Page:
For a technology that's well over a decade old, you might expect that ASP.NET would be an old fuddy-duddy by now, mature and widely used but set in its ways. Thankfully, it's anything but! Microsoft's ASP.NET team has been busy for the last several years, and the upcoming releases around Visual Studio 2013 will bring some exciting and useful changes. Several changes are centered around Microsoft's "One ASP.NET" unification strategy -- or at least the first step towards it -- of all web application project types.

Related: "Microsoft's Web API Framework: Bridging the Divide Between Web Forms and ASP.NET MVC"

One new configuration option that you can use when creating a new web project in Visual Studio 2013 is the Change Authentication feature, which is available right in the New Project dialog box. Now you'll be able to base authentication on individual user or organization accounts, as well as Windows authentication. Support for Facebook, Twitter, and Google authentication comes out of the box for individual user accounts. Authentication support for OpenID and OAuth protocols comes through the open-source DotNetOpenAuth project that you can also use directly.

But the really big news for security in the new releases is the new ASP.NET Identity membership system, a complete rewrite of the old Membership feature. Membership was a built-in way to validate and store user credentials, making it fairly easy to manage user authentication in websites using the provider model to make it extensible, but with too many limitations. The new Identity system still supports user management and adding login features to applications, but it's even easier to customize the data you store about each user. And it goes well beyond those basic features.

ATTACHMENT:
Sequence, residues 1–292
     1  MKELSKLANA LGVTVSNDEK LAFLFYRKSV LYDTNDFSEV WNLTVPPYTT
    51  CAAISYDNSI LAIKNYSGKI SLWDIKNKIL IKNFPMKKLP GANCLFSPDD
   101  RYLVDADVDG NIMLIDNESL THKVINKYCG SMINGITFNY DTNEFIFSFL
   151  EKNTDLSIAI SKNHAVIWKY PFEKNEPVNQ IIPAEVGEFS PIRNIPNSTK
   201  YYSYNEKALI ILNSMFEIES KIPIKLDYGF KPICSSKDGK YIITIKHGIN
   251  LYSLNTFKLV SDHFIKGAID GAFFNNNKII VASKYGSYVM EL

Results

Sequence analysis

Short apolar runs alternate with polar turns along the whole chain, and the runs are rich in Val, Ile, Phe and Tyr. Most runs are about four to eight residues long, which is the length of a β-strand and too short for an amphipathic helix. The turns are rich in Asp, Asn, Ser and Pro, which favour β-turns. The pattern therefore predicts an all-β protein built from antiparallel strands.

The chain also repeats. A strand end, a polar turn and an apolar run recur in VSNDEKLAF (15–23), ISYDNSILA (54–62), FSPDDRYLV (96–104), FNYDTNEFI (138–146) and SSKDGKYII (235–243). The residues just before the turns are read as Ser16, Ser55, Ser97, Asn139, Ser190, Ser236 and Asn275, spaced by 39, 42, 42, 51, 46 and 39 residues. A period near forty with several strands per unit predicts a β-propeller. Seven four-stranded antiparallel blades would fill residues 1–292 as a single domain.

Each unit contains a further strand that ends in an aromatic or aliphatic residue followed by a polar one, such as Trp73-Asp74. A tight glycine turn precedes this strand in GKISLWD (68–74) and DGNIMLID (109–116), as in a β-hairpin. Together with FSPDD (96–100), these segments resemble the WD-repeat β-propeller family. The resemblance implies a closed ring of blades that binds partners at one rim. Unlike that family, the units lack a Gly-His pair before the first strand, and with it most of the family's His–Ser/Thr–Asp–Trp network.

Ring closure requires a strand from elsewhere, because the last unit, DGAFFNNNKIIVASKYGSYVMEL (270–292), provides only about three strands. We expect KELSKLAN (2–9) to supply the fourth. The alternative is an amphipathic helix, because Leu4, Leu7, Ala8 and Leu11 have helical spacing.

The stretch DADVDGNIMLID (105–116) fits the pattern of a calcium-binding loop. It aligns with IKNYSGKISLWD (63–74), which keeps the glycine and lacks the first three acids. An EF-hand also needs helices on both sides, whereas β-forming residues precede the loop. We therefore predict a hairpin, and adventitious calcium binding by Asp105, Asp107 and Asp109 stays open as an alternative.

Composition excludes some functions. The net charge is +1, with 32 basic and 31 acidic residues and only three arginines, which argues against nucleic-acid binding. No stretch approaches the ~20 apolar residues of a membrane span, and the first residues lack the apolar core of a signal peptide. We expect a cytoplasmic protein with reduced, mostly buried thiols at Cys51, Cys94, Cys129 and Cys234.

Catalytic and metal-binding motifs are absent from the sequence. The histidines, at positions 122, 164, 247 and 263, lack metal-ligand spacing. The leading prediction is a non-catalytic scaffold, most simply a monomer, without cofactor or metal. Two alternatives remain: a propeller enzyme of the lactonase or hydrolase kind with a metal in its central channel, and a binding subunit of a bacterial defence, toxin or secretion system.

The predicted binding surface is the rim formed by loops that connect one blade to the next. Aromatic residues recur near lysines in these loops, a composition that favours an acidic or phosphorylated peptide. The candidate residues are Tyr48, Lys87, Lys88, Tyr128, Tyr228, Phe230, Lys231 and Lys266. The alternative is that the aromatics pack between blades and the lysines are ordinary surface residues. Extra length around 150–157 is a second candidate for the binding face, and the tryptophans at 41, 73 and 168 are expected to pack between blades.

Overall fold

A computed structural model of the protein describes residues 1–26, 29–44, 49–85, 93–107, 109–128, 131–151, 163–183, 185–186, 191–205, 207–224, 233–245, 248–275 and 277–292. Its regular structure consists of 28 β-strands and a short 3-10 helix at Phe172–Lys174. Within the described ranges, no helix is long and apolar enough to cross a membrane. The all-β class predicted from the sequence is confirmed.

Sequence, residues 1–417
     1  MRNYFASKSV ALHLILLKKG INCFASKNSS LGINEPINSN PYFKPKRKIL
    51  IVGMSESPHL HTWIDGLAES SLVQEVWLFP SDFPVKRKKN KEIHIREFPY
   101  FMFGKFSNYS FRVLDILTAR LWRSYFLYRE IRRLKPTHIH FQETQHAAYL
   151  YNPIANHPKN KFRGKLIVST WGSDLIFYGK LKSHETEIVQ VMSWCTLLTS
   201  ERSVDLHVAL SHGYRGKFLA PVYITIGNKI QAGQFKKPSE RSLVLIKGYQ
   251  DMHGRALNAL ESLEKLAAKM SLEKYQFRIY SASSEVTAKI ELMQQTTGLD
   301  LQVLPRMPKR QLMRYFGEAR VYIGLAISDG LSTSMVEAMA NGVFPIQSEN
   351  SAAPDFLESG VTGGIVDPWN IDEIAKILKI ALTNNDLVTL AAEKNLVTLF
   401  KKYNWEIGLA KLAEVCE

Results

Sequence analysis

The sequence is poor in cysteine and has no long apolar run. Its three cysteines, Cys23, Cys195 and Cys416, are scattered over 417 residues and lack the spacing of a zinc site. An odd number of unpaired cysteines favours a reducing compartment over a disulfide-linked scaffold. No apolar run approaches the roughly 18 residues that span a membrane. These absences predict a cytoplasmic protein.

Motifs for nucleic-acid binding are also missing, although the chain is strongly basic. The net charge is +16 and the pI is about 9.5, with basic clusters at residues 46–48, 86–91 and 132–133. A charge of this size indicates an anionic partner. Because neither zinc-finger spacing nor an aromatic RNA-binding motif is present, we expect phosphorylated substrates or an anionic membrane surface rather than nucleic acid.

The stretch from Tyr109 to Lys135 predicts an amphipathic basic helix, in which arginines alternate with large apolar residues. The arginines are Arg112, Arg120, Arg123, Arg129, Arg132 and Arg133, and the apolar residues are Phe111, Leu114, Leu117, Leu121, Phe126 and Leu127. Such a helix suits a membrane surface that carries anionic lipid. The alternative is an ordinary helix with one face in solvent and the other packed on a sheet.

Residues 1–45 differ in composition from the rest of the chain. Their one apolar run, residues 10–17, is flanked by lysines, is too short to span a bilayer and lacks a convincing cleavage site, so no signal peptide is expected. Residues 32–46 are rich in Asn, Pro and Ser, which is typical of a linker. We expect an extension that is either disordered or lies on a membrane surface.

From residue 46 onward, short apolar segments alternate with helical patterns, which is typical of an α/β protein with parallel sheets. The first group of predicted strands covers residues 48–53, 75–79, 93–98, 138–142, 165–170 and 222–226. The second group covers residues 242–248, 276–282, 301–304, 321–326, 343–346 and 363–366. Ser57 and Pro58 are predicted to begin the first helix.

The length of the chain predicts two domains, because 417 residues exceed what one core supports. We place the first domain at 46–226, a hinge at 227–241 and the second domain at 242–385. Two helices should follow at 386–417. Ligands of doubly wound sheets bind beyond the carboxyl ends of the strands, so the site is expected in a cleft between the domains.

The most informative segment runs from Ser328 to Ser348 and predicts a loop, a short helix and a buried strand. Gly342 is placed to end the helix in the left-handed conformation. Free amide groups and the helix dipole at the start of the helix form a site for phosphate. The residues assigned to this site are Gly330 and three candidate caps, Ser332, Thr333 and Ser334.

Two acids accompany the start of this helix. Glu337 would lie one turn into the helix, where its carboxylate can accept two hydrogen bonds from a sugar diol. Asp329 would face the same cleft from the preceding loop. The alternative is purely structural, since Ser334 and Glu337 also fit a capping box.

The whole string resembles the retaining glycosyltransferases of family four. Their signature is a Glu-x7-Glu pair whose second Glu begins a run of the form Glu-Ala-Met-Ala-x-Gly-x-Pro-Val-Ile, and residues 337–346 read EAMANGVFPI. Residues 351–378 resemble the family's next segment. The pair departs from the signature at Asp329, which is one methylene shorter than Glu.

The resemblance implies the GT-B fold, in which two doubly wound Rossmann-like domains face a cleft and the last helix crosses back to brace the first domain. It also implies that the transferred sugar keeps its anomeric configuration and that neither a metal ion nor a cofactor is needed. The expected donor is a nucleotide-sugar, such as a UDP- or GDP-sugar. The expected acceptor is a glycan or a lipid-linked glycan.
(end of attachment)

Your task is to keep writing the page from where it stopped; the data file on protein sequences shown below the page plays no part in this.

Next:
Related: "Entity Framework's Code-First Design: Going Beyond the Basic Database Objects"

The magic of customizing user information happens through the use of Entity Framework's Code First feature. You can extend the Plain Old C# Object (POCO) classes it uses to automatically update the data store for the custom data, a slick use of this Entity Framework feature. Identity uses a database by default, but you can also store it in other locations, such as SharePoint, Azure Table Service, or NoSql databases by plugging in a different storage provider.

The new identity system is based on OWIN, the Open Web Interface for .NET. OWIN is an extensible middleware layer that lets you plug into an authentication pipeline. That's a topic for another article -- more like a series of articles -- but it's a technology that developers in the Microsoft web space will want to learn more about. It's already integrated into some of the latest tool and technologies surrounding Visual Studio 2012.

ASP.NET Identity also supports claims-based authentication that represents the user's identity as a set of claims from a trusted issuer. The benefit of claims-based authentication is that it abstracts the individual elements of identity and access control into two parts: a general notion of claims and the concept of a trusted issuer or authority. This is a whole different way of thinking about identity and authentication that can overcome the limitations of relying on usernames and passwords, and now it's built into ASP.NET.

Whenever I start thinking that it's time to start looking around for a better web development stack and tools and environment, Microsoft always sucks me back into Visual Studio and the .NET Framework with releases that we're reportedly going to be seeing this fall. There is some exciting stuff coming, and the vastly improved web application security features look like winners.